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Remembered Today:

Shrapnel ID.( Fragment).


nikp

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Can anyone help me in identifying this large lump of shrapnel. Found on the Somme. It was approximately 9.5 inches in diameter and is around 1.25 inches thick. Thanks. As pointed out it is not shrapnel but a fragment. OOPS.

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Edited by nikp
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I can't I.D. the shell from whence it came, but for WW1 the correct term for such a lump is 'fragment' not Shrapnel, which must be applied to the filling usually round metal balls found within Shrapnel shells.

I had this explained to me in no uncertain terms by an ex Major of Artillery once long ago.  The terms 'bloody' and 'idiot' were also employed!

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Many thanks for that. I will now class myself as a " Bloody idiot " and it is a lesson learnt. Stands to reason that it is not shrapnel and I along with many others have fallen into the trap. Hope to find more on this years trip in March. A tip I was told is look at the bottom of slopes where the rain and gravity tend to push items downhill. Giving away my secrets now !!

 

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To finish the story, I was part of coach party studying the Verdun battlefields and surrounding fortifications.  We parked up in some less well visited spot and as I stepped off the coach my foot landed on this large lump.  Eagerly I picked it up and called out to my father who was ahead in the group, "Look dad, Shrapnel"!  This voice of great authority boomed out from behind "That's not Shrapnel its fragment you b"...the rest you can guess.  After his rather curt, correction he then went  onto give an impromptu chat about ww1 artillery which was so informative, I wish I could remember it in detail.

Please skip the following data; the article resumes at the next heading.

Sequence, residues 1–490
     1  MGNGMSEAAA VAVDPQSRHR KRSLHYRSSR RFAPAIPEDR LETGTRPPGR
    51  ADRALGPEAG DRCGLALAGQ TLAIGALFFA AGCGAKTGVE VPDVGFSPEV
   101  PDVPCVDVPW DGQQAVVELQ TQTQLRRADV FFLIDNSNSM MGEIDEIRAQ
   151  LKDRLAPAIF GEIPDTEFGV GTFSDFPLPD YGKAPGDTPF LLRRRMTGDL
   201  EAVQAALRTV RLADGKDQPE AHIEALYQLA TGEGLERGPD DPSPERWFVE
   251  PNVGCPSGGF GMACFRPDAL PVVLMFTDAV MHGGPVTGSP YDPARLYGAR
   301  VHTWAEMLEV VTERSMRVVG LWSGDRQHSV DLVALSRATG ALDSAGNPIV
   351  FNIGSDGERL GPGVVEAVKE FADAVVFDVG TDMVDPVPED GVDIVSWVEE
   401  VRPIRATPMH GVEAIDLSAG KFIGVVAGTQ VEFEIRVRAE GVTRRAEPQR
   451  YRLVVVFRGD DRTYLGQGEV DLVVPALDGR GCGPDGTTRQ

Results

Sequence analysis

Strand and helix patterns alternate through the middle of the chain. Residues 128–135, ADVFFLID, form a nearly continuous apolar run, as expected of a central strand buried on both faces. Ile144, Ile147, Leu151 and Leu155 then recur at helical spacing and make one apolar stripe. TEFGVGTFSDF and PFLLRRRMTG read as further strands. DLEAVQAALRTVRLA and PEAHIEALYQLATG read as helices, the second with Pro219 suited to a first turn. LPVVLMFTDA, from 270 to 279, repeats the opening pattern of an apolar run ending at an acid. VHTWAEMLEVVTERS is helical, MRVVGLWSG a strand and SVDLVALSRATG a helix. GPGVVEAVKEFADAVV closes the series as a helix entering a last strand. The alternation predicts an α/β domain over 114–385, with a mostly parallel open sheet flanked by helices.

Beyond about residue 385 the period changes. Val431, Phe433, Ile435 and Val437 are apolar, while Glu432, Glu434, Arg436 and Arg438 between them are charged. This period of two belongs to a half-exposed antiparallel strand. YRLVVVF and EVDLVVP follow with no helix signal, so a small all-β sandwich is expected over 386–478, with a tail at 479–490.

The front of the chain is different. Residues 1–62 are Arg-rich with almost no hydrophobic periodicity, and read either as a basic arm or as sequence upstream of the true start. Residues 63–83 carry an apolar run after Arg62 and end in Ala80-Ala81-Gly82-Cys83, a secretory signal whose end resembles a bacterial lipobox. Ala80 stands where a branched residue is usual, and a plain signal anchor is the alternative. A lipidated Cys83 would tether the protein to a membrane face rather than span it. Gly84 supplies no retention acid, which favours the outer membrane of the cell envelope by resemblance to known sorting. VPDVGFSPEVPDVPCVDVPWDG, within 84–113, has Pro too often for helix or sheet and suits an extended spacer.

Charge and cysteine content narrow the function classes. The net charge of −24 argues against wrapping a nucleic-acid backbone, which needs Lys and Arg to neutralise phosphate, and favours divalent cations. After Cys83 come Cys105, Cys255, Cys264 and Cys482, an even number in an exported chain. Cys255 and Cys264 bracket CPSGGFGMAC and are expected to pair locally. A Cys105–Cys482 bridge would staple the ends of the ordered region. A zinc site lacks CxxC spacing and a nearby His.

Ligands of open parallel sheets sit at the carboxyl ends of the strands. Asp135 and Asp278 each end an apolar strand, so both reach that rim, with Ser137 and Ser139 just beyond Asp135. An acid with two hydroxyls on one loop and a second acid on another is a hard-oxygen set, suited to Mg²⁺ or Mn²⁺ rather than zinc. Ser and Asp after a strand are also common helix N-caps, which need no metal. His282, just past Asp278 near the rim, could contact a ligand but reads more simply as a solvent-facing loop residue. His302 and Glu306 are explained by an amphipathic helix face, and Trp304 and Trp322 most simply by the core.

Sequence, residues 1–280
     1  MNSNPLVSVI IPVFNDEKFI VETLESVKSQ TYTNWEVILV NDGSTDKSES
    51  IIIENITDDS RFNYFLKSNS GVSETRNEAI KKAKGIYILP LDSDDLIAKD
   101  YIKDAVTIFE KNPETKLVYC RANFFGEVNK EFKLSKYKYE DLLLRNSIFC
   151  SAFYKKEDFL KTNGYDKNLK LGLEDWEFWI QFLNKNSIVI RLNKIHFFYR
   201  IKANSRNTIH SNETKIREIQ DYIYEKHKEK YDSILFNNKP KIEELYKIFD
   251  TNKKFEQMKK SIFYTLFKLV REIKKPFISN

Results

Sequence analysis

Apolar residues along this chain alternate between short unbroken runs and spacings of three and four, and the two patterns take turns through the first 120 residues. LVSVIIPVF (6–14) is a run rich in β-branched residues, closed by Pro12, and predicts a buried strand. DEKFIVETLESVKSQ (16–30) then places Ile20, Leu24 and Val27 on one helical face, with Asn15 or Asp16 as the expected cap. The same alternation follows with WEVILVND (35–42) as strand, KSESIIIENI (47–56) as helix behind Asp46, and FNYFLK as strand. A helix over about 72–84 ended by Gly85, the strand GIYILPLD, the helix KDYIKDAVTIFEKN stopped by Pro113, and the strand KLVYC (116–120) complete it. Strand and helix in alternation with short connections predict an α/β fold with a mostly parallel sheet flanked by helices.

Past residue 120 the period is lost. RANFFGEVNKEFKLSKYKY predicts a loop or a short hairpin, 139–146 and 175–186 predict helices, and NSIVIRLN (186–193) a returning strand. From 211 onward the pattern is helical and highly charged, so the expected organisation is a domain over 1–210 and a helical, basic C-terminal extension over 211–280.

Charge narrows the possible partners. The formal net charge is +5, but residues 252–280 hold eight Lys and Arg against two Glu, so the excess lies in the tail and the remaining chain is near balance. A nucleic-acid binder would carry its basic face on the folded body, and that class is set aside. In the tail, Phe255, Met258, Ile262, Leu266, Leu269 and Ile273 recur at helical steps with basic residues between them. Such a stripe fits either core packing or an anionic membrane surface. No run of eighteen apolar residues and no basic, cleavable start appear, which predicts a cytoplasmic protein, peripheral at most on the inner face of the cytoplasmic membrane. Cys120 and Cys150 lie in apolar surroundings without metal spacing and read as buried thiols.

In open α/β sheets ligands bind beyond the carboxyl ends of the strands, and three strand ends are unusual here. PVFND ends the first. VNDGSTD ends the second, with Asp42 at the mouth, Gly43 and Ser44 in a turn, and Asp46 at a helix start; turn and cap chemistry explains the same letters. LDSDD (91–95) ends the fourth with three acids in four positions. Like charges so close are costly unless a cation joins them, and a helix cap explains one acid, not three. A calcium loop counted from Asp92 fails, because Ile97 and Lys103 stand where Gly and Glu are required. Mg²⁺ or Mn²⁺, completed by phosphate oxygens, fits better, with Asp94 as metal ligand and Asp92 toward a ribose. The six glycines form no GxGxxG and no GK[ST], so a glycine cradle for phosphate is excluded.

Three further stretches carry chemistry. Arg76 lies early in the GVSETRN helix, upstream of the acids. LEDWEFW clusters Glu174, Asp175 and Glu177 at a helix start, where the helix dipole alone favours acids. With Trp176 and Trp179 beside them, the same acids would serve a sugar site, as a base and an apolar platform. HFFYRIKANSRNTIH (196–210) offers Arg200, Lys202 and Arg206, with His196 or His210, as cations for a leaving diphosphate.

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Splinter is an alternative term, probably more used in the Navy. In battle, splinters from near-miss shell splashes would often shred a ship's boats and damage superstructure  even if it wasn't actually hit. At a rough guess it looks as if it could've come from a shell of 8 - 11" calibre, from just ahead of the driving band. I take it you've checked it's ferrous metal, not part of a rum jar or suchlike?

 

I've got a much more irregular splinter - it looks like a map of Cyprus - that I think came from a shell of about 6"/15 cm calibre. It still had turning marks on the outside. I picked it up close to Ulster Tower, thinking at first it was an odd-shaped stone but then surprised at how heavy it was.

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Definitely ferrous. It weighs a few kilos and makes a cracking door stop.

 

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If you make an impromptu curvature gauge for the outside of the fragment you should be able to get a rough outside diameter of the shell. Add about 6 to 8mm to the OD should give the calibre of the gun. The problem with a fragment like this is that there will be a considerable error in the measurement of the curvature, and your estimation of calibre is likely to have an error of +/- 20mm.